NATURE (the Art whereby God hath made and governs the World) is by the Art of man, as in many other things, so in this also imitated, that it can make an Artificial Animal: For seeing life is but a motion of Limbs, the beginning whereof is in some principal part within; why may we not say, that ell Automata (Engines that move themselves by springs and wheels as doth a watch) have an artificial life? For what is the Heart, but a Spring; and the Nerves, but so many Strings; and the Joynts, but so many Wheels, giving motion to the whole Body, such as was intended by the Artificer? Art goes yet further, imitating that Rational and most excellent work of Nature, Man. For by Art is created that great LEVIATHAN called a COMMON-WEALTH, or STATE, (in latine CIVITAS) which is but an artificial Man; though of greater stature and strength than the Natural, for whose protection and defence it was intended; and in which the Soveraignty is an Artificial Soul, as giving life and motion to the whole body; The Magistrates, and other Officers of Judicature and Execution, artificial Joynts; Reward and Punishment (by which fastned to the seat of the Soveraignty, every joynt and member is moved to performe his duty) are the Nerves, that do the same in the Body Natural; The Wealth and Riches of all the particular members, are the Strength; Salus Populi (the peoples safety) its Business; Councellours, by whom all things needful for it to know, are suggested unto it, are the Memory; Equity and Laws, an artificial Reason and Will; Concord, Health; Sedition, Sickness; and Civil War, Death. Lastly, the Pacts and Covenants, by which the parts of this Body Politique were at first made, set together, and united, resemble that Fiat, or the Let us make man, pronounced by God in the Creation.

To describe the Nature of this Artificial man, I will consider

First, the Matter thereof, and the Artificer; both which is Man.
Secondly, How, and by what Covenants it is made; what are the Rights and just Power or Authority of a Soveraign; and what it is that preserveth and dissolveth it.
Thirdly, what is a Christian Common-wealth.
Lastly, what is the Kingdom of Darkness.

Concerning the first, there is a saying much usurped of late, That Wisdom is acquired, not by reading of Books, but of Men. Consequently whereunto, those persons, that for the most part can give no other proof of being wise, take great delight to shew what they think they have read in men, by uncharitable censures of one another behind their backs. But there is another saying not of late understood, by which they might learn truly to read one another, if they would take the pains; and that is, Nosce teipsum, Read thy self: which was not meant as it is now used, to countenance, either the barbarous state of men in power, towards their inferiors; or to encourage men of low degree, to a sawcie behaviour towards their betters; But to teach us, that for the similitude of the thoughts, and Passions of one man, to the thoughts, and Passions of another, whosoever looketh into himself, and considereth what he doth, when he does think, opine, reason, hope, fear, &c. and upon what grounds; he shall thereby read and know, what are the thoughts, and Passions of all other men, upon the like occasions. I say the similitude of Passions, which are the same in all men, desire, fear, hope, &c. not the similitude of the objects of the Passions, which are things desired, feared, hoped, &c. for these the constitution individual, and particular education do so vary, and they are so easie to be kept from our knowledge, that the characters of mans heart, blotted and confounded as they are, with dissembling, lying, counterfeiting, and erroneous doctrines, are legible onely to him that searcheth hearts. And though by mens actions we do discover their design sometimes; yet to do it without comparing them with our own, and distinguishing all circustances, by which the case may come to be altered, is to decypher without a key, and be for the most part deceived, by too much trust, or by too much diffidence; as he that reads, is himself a good or evil man.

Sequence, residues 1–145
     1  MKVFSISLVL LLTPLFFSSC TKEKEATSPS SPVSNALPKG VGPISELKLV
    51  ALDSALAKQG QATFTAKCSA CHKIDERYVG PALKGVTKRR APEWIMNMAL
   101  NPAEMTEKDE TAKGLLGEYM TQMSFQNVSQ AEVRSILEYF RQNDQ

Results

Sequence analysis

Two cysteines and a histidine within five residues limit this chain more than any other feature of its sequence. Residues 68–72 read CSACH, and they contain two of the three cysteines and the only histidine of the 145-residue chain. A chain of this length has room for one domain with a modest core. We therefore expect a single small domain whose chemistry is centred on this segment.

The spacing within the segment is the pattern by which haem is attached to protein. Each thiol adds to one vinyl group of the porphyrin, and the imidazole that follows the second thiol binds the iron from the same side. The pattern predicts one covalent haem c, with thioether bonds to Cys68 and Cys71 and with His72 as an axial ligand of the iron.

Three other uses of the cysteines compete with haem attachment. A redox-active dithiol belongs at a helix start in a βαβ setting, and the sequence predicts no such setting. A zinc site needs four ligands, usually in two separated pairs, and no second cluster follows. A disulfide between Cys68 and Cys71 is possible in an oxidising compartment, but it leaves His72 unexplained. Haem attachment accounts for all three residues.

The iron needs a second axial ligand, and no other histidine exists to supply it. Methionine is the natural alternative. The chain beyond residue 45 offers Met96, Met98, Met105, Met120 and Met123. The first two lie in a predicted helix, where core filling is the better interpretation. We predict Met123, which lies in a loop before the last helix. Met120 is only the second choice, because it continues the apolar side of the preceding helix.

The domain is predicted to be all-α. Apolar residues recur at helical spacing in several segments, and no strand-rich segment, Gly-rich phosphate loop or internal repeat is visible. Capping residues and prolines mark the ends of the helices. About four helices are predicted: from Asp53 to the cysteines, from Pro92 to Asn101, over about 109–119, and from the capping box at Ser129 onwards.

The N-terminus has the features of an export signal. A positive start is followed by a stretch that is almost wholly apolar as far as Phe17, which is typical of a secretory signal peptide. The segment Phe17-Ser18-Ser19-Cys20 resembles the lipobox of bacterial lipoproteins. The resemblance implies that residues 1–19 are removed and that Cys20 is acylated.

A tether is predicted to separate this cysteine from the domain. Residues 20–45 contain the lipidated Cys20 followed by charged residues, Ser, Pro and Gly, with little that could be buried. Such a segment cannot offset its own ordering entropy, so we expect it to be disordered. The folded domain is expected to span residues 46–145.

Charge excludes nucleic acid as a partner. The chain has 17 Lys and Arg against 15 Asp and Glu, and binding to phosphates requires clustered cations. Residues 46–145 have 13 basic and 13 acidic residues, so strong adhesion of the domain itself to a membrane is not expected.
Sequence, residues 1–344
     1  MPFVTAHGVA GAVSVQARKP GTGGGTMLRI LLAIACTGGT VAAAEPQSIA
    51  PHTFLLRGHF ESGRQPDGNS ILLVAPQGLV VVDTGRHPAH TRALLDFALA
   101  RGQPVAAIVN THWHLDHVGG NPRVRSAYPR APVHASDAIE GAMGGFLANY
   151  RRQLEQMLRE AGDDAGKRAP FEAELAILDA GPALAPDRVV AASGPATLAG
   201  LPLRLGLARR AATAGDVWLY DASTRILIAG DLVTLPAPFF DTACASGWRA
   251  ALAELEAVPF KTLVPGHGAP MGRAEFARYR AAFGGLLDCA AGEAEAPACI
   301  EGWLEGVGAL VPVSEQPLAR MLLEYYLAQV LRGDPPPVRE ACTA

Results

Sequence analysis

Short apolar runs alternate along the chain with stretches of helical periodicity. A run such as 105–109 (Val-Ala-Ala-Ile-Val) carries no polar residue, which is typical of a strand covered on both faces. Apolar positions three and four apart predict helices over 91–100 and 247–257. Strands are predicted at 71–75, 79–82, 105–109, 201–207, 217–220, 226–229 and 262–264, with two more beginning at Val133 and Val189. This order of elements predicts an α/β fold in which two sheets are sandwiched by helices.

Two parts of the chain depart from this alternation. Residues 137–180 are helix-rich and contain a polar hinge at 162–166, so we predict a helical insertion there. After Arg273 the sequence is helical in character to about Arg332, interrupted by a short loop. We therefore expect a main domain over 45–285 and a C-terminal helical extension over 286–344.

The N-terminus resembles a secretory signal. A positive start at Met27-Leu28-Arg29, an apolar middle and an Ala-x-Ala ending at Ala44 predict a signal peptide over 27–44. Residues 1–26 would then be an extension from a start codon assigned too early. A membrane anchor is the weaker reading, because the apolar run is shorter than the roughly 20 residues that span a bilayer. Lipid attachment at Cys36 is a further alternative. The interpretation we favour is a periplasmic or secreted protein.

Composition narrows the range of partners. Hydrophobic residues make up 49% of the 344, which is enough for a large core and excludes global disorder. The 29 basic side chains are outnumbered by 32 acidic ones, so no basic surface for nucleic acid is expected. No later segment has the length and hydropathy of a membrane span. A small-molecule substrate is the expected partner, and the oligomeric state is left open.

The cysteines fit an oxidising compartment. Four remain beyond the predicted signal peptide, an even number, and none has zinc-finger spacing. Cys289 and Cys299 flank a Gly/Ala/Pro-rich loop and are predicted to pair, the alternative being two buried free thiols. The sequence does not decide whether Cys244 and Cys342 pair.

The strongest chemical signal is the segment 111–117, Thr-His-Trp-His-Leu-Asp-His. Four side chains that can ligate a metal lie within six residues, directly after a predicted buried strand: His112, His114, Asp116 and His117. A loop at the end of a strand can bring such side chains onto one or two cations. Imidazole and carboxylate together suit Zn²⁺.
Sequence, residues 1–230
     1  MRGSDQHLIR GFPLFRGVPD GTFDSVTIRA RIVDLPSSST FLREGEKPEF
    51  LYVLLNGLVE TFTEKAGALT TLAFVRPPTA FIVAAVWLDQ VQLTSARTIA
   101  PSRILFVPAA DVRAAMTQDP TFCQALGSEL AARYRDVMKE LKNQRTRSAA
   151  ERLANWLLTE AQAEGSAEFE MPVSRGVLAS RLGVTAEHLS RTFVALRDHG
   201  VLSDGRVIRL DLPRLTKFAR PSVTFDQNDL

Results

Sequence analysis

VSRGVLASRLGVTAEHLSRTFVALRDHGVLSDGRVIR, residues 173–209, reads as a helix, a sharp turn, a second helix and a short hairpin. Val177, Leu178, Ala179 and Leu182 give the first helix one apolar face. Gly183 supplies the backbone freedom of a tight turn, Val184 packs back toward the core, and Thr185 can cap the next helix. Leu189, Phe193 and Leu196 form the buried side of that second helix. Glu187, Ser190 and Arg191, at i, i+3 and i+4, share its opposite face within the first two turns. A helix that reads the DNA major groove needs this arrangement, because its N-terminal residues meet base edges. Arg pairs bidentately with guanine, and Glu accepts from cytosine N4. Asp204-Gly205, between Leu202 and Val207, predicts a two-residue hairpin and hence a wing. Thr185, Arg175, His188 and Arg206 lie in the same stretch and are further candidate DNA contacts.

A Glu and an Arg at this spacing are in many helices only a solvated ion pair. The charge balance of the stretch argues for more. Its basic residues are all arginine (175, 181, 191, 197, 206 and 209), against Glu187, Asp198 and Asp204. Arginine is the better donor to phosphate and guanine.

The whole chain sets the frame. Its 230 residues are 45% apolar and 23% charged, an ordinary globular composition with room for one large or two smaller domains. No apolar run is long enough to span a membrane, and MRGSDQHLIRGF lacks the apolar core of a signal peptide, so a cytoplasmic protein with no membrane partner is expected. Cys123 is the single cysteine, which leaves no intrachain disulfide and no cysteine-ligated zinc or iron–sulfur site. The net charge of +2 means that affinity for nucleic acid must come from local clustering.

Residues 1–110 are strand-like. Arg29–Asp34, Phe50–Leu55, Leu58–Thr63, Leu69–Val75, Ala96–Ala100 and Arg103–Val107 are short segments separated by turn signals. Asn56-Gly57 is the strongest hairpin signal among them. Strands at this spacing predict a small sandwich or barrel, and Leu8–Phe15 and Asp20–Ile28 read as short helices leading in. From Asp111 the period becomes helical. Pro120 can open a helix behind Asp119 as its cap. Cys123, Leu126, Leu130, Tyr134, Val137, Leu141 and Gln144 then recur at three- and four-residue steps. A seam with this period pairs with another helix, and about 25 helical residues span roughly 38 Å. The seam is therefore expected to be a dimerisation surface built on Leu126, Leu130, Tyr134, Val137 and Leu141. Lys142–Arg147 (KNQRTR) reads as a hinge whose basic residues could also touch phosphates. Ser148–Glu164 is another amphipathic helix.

But let one man read another by his actions never so perfectly, it serves him onely with his acquaintance, which are but few. He that is to govern a whole Nation, must read in himself, not this, or that particular man, but Man-kind: which though it be hard to do, harder to learn than any Language, or Science; yet, when I shall have set down my own reading orderly, and perspicuously, the pains left another, will be onely to consider, if he also find not the same in himself. For this kind of Doctrine, admitteth no other Demonstration.

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Filed under 1650's, Philosophy, Posted by Carrie Shanafelt

Item of the Day: America Painted to the Life (1658)

Full Title:

America Painted to the Life. A True History of the originall undertakings of the advancement of Plantations into those parts, with a perfect relation of our ENGLISH Discoveries, shewing their beginning, progress, and continuance, from the year, 1628, to 1658. declaring the forms of their Government, Policies, Religions, Manners, Customes, Military Discipline, Warres with the INDIANS, the Commodities of their Countries, a Description of their Townes, and Havens, the increase of their trading with the names of their Governours and Magistrates. More Especially an absolute Narrative of the North parts of AMERICA, and of the discoveries and plantations of our English in NEW-ENGLAND. Written by Sir FERDINANDO GORGES Knight and Governour of the Fort and Island of Plimouth in DEVONSHIRE, one of the first and cheifest promoters of those Plantations. Publisht since his decease, by his Grand-child Ferdinando Gorges, Esquire, who hath much enlarged it and added severall accurate Descriptions of his owne. A work now at last exposed for the publick good, to stir up the heroick and active spirits of these times, to benefit their Country, and Eternize their names by such honourable attempts. For the Readers clearer understanding of the Country’s they are lively described in a compleat and exquisite Map. Vivit post funera virtus.

Written by Sir Ferdinando Gorges. Printed in London by E. Brudenell for Nathaniel Brook dwelling at the Angel in Corn-hill, 1658.

Bound with:

A Briefe Narration of the Originall Undertakings of the Advancement of Plantations into the parts of America. Especially, Shewing the begining, progress and continuance of that of New-England. Written by the right Worshipfull, Sir Ferdinando Gorges Knight and Governour of the Fort and Island of Plymouth in DEVONSHIRE.

Written by Sir Ferdinando Gorges. Printed in London by E. Brudenell for Nath. Brook at the Angell in Corn-hill, 1658.

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Filed under 1650's, American Indians, Posted by Carrie Shanafelt, Travel